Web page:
Bad habits are developed when training with newbs. You need to go to classes to develop good habits and iron out weaknesses.

I've trained with other beginners without trainers and good methods, but when I joined an actual no-gi class I had a few overdeveloped moves and alot of weaknesses.

If you have the time and a training partner that doesn't need constant attention and motivationinjections you can do it, but you'lle make 3x the skill-leap just joining a bjj class and drilling in the offtime.

[–]SocialPowerPlayer 6 points7 points  (3 children)

Practicing yourself is better than nothing

[–]RPTA3498 0 points1 point  (1 child)

10,000. That is the number of times you must do something CORRECTLY to become a master at it. For every one time you do something wrong add 100 more repetitions. Things like youtube, Gracie University, Keenanonline, etc are great to supplement your game but there is no substitution for drilling something under the supervision of an instructor.

[–]legitimateusername4 0 points1 point  (0 children)

For every one time you do something wrong add 100 more repetitions.

Wow, in an afternoon you can double the amount of time it takes you to get to master! Better never practice anything!

[–]SocialPowerPlayer 0 points1 point  (8 children)

What if there's no place that teaches proper martial arts near you?

[–]CounterEarth[S] 11 points12 points  (3 children)

That's basically impossible. Where are you based, the North Pole?

I agree with u/finesseisbless, don't bother with home-based training. You need rigor, you need expert instruction.

[–]keephundred 0 points1 point  (0 children)

Do you have any other tips for finding a school? On top of the others posted here, I mean.

[–][deleted] 0 points1 point  (1 child)

And to add to that, old school boxing is quite proper.

[–]CounterEarth[S] 0 points1 point  (0 children)

Not sure why this was downvoted. Classical boxing supervised and with the correct form is really rewarding. Gives you outstanding reflexes, spatial awareness and standing distance control if you can keep a routine going for a few years. True punching power is an acquired skill.

Though, with the homogenization in MMA, it's probably best to just train Muay Thai for striking and BJJ/Judo for everything else.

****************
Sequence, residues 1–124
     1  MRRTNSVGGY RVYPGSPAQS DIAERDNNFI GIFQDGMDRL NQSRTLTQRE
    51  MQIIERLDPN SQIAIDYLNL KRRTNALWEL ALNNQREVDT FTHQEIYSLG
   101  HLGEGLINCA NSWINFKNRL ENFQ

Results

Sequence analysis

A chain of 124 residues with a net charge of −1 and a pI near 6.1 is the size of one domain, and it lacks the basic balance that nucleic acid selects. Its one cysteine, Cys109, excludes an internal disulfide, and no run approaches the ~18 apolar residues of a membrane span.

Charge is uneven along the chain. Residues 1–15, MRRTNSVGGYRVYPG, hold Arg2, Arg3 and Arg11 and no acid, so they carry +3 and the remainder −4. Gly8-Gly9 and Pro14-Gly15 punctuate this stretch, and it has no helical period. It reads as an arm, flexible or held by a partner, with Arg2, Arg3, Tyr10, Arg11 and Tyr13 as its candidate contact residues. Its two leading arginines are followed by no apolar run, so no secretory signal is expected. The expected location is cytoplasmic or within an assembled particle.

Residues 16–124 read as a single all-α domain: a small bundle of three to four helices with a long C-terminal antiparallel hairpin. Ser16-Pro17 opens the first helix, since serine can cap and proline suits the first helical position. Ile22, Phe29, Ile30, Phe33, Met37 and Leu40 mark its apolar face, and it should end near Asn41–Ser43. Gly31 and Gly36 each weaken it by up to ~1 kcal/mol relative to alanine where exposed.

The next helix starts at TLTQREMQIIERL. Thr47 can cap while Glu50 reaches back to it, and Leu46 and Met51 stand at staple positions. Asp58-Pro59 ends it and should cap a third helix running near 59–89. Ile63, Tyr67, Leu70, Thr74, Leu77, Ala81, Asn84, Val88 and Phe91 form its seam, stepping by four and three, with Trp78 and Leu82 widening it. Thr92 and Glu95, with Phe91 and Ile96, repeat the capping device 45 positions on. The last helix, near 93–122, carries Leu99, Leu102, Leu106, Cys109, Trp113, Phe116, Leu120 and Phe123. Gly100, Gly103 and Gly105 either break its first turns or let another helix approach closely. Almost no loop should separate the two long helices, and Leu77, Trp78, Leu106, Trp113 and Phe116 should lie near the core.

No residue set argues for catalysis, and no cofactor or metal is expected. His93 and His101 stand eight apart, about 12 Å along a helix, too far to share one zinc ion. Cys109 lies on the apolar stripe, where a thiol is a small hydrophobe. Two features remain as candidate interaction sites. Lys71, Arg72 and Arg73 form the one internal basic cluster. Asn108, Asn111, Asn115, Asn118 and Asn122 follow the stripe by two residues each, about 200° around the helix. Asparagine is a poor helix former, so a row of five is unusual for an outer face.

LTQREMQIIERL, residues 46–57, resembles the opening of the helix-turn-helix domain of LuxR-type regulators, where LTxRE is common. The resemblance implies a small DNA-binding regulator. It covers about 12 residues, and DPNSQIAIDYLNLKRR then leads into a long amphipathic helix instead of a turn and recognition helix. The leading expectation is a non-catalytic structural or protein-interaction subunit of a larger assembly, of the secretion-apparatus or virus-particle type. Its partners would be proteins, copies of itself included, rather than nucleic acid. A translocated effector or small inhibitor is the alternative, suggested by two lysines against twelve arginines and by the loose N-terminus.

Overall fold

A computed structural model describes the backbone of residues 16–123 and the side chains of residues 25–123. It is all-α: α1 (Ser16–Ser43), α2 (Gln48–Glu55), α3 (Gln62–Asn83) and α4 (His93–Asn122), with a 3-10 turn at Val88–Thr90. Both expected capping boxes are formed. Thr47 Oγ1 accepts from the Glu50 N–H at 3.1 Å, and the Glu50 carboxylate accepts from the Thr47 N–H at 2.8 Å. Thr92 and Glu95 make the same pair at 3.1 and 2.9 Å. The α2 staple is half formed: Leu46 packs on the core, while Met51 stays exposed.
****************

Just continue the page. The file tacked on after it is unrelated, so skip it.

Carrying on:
[–]Ezaar 2 points3 points  (0 children)

Find one that is proper and go there.

[–]usedtimecapsule 1 points1 points [recovered]

I’m sure there is at least 1. Do your research and go visit the schools and watch a class.

[–]SocialPowerPlayer 0 points1 point  (1 child)

There are a few but they're all phonies only in it for making money

[–][deleted] 1 point2 points  (0 children)

It's impossible to grapple without a partner. Hitting a bag is not so bad if you're already trained up. Probably best to lift and run.

[–]MetalliMunk 3 points4 points  (0 children)

Purple belt here as well.

I completely agree with your lessons. Jiu Jitsu and any other martial art also gives you this primal confidence around people. Knowing how to relatively handle yourself in a physical fight makes you less timid around other dominant males in the area, which I'm sure women will pick up on.

Jiu Jitsu is a constant source of trial and error and mat experience, but you have to learn from it. If you get tapped a thousand times or you tap somebody else a thousand times, none of that means anything in the long term if you can't pick apart why you got tapped or how to make the tap come easier and more efficiently. In a social sense, you can't improve yourself unless you go and experiment.

The one tip I'll give mimics what I do with my Jiu Jitsu training. Every week I set a goal for myself in class of what I want to achieve, whether it's to get better at a certain submission or maybe to escape from Bad positions quicker. At the end of the night, I have a journal that I write down notes from that nights training. I write specific things of what made my goal easier to achieve and what made it hard to achieve. The hard part is that some people train without any specific goal in mind, and because there's so many things to focus on in training, they can't develop an area and they get lost. This is the same people have to do when interacting as social environment. Pick a specific goal you want for the interaction and then after it's done write down notes and ask yourself what made that easy and what made that difficult. If it was easy, try to up the challenge for next time. If it was difficult, analyze the situation for possible obstacles that made it difficult. If you still can't figure it out, reference your knowledge base or ask sources like this subreddit for advice.

Hope that helps!

[–]Freedomoverbitches 1 point2 points  (0 children)

There is no place more humbling than a training gym. You practice the act of killing and tearing limbs apart every spar session and the only thing that is keeping you alive is rules. Amazing feeling like no other, and I agree it should be a staple part of TRP.

[–]Mescalean 1 point2 points  (1 child)

I can attest to the lifts in the gym. Have never been the bulkiest guy. I have buddies i lift with that can get those 20 inch arms yet im still curling the same weight as the and everything yet mine stay at 15's and long. All pull lifts i excel greatly at more so than push. That in itself thinking about how my body functions had made me want to try jui jitzu myself. I know im going to get straight man handled my first few goes probably several. But I did have a mini lesson with a buddy whos a para trooper. He got mad. Not because i hurt him. Both the same height at 6"1" hes just a little light i was probably 185 and alot weaker back than. Called me the squirmiest untrained guy hes met. Told me he wanted me to start training and I put it off so so long. Now. To be honest im getting a little bored with just lifting. Maybe i should make the jump. This post is definitely nudging me thanks

[–]FernGari77 1 point2 points  (4 children)

BJJ is expesensive AF that is my excuse lol

[–]CounterEarth[S] 2 points3 points  (0 children)

It's expensive, but only if you consider it merely a form of exercise. Make it central to your identity and it won't be expensive at all.